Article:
Component c) is an aliphatic, cycloaliphatic or aromatic glycol, a dihydroxy polyether or a polycarbonatediol. Examples of glycols are ethylene glycol, 1,2-propanediol, 1,3-propanediol, 2,2-dimethyl-1,3-propanediol, 1,3-butanediol, 1,4-butanediol, 1,5-pentanediol, 1,6-hexanediol, 2,2,4-trimethyl-1,6-hexanediol, 1,2-cyclohexanedimethanol, 1,3-cyclohexandimethanol, 1,4-cyclohexanedimethanol, 2,2'-bis(4-hydroxycyclohexyl)isopropane, p-xylylenediol, 2-ethylpropanediol and 2-butylpropanediol.

Appropriate dihydroxy polyethers are compounds of the formula

H-- --O--(CHR)n --!m OH

in which R is hydrogen or a C1 -C4 -alkyl radical, n is an integer from 2 to 6 and m is a number from 10 to 120, examples being poly(oxytetramethylene) glycols, poly(oxyethylene) glycols and poly(oxypropylene) glycols with molecular weights which are preferably in the range from 400 to 5000.

Appropriate polycarbonatediols are compounds of the formula ##STR1## in which R1 and R2 independently of one another are a C1 -C12 -alkylene radical or a C5 -C12 -cycloalkylene radical and a is a number from 1 to 20. The polycarbonatediols can be prepared by reacting diols, such as propane-1,3-diol, butane-1,4-diol, hexane-1,6-diol, diethylene glycol, triethylene glycol, 1,4-bis(hydroxymethyl)cyclohexane, 2,2-bis(4-hydroxycyclohexyl)propane or neopentylgycol with dicarbonates, such as dimethyl, diethyl or diphenyl carbonate, or with phosgene. Mixtures of such diols can also be employed.

The polyfunctional component (d) preferably contains from 3 to 6 hydroxyl and/or carboxyl groups, being for example trimethylolpropane, trimethylolethane, glycerol, ditrimethylolpropane, pentaerythritol, dipentaerythritol, bishydroxyalkanecarboxylic acids, such as dimethylolpropionic acid, and trimellitic anhyride, a polyanhydride as described for example in DE-A-28 11 913, or a polycarbonatepolyol which is prepared, for example, by reacting trimethylolpropane or pentaerythritol with the abovementioned dicarbonates, or being a mixture of two or more of these compounds.

Suitable monofunctional carboxylic acids (e) are preferably saturated or unsaturated C12 -C18 fatty acids such as captic acid, lauric acid, stearic acid, palmitic acid, linoleic acid and linolenic acid, or branched aliphatic C5 -C10 carboxylic acids, such as isovaleric acid and isooctanoic acid.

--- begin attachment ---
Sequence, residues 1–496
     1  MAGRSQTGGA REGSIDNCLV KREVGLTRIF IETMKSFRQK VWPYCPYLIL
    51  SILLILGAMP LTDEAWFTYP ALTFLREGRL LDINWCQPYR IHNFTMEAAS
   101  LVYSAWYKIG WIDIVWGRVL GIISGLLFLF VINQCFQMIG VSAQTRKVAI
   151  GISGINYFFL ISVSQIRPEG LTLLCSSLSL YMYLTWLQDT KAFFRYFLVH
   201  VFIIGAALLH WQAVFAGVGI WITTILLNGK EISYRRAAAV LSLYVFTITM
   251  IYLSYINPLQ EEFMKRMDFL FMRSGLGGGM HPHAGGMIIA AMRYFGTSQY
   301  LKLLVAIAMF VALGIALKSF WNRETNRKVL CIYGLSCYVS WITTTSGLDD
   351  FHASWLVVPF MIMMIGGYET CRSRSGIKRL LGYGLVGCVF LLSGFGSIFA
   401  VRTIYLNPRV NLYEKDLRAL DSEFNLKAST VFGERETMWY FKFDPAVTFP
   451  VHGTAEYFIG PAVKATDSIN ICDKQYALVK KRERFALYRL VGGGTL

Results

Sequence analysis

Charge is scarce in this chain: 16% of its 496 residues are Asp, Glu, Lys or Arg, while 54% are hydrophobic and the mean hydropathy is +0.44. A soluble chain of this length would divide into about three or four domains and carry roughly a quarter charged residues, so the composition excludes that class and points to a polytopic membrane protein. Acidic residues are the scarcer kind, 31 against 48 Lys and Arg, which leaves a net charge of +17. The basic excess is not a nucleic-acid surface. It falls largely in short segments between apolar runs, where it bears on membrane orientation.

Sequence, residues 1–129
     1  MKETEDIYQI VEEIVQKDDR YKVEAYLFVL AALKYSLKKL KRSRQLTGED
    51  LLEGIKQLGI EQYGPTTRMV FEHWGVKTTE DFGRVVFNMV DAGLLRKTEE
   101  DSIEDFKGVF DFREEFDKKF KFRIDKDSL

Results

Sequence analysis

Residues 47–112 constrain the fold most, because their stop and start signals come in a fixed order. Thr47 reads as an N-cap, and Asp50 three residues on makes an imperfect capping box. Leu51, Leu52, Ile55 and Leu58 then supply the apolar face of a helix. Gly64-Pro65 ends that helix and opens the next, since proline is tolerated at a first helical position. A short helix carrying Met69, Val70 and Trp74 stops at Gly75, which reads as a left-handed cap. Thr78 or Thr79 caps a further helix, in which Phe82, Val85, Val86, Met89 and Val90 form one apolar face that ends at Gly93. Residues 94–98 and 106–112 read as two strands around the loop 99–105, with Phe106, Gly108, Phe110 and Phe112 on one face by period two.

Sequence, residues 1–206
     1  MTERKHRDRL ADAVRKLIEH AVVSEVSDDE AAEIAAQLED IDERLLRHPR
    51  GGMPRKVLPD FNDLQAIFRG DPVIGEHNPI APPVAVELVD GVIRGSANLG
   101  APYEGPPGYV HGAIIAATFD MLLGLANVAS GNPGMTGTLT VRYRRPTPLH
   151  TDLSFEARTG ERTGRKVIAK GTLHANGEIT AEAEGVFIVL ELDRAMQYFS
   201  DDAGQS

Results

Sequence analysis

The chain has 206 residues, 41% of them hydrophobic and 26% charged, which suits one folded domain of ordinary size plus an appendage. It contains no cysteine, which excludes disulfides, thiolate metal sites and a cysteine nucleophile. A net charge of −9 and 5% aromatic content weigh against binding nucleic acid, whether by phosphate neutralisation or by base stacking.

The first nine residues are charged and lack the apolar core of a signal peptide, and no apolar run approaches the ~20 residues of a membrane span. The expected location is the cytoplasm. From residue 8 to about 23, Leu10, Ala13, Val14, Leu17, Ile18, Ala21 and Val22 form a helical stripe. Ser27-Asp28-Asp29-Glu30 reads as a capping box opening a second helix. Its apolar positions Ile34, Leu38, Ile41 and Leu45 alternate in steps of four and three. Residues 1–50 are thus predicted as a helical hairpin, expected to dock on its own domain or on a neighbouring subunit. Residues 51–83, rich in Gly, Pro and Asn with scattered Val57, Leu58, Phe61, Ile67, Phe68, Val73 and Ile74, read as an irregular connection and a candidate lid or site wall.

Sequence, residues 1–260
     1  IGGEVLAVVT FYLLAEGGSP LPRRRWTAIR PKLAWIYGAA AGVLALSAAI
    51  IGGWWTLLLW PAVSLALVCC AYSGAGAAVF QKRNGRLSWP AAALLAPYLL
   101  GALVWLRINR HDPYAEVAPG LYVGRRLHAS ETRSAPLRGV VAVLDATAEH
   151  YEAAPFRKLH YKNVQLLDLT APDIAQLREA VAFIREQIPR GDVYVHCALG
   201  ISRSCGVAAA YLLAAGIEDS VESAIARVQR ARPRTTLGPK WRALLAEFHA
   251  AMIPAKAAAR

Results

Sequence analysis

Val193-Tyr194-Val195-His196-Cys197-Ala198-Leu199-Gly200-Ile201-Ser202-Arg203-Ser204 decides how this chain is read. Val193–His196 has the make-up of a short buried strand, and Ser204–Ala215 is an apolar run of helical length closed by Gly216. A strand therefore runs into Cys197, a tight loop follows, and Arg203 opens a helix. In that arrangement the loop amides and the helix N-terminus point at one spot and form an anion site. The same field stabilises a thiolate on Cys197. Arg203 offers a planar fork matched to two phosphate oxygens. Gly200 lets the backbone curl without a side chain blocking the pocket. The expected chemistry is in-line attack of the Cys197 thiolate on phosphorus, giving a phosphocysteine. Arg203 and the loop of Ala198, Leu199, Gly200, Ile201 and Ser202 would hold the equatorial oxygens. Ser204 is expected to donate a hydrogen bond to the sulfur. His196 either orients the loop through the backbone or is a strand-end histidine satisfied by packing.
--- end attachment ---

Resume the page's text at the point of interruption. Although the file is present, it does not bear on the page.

A suitable cationic component is a diallylammonium cation of the formula (1) ##STR2## in which the radicals R101 to R112 independently of one another are each a hydrogen atom, halogen atom, a hydroxyl radical, an alkoxy radical, a primary, secondary or tertiary amino radical, a carboxylic acid or carboxylic ester radical, an acyl radical, a sulfonic acid or sulfonic ester radical, a cyano or nitro radical or a radical based on a C1 -C30 aliphatic, C7 -C60 araliphatic or C6 -C30 aromatic hydrocarbon, which may be interrupted by heteroatoms.

Preferably, R101 and R102 are hydrogen atoms, straight-chain or branched, saturated or unsaturated alkyl (C1 -C18) radicals, polyoxyalkylene radicals, preferably polyoxyethylene and/or polyoxypropylene radicals of the formula alkylene (C1 -C5)q -R', where R' is a hydrogen atom, an alkyl(C1 -C4) radical or an acyl radical, in particular the acetyl, benzoyl or naphthoyl radical, and q is a number from 1 to 10; or are phenyl, naphthyl or pyridyl radicals, tolyl radicals, aralkoxy radicals, especially methoxyphenyl; alkaryl radicals, especially benzyl, or cycloalkyl radicals, preferably cyclopentyl or cyclohexyl radicals, or in which the abovementioned radicals additionally contain one or more heteroatoms, preferably nitrogen, oxygen, sulfur, phosphorus or a combination thereof, or in which the abovementioned radicals are substituted by one or more carboxemide radicals, sulfonamide radicals, urethane radicals, keto radicals, primary, secondary or tertiary amino radicals, nitro radicals, ether radicals, especially alkylene (C2 -C4)--O--alkyl (C1 -C4), alkyl (C1 -C4) radicals, alkoxy(C1 -C4) radicals, aroxy radicals, especially phenoxy radicals, haloalkyl(C.sub. 1 -C30) radicals, haloalkoxy (C1 -C30) radicals, ester radicals, especially --C(O)O-alkyl(C1 -C4), one or more halogen atoms, hydroxyl, carboxyl, sulfo, cyano or mercapto groups or by a combination thereof; or in which R101 and R102 together form a saturated or unsaturated, aromatic or nonaromatic, 5- to 7-membered ring system, preferably the pyridinium ring system, which may contain further heteroatoms, preferably nitrogen, oxygen, sulfur or a combination thereof, in the ring, in particular the morpholinium ring system, and the ring system may be substituted and/or modified by fusion with or bridging to other ring systems, and is in particular the quinolinium ring system.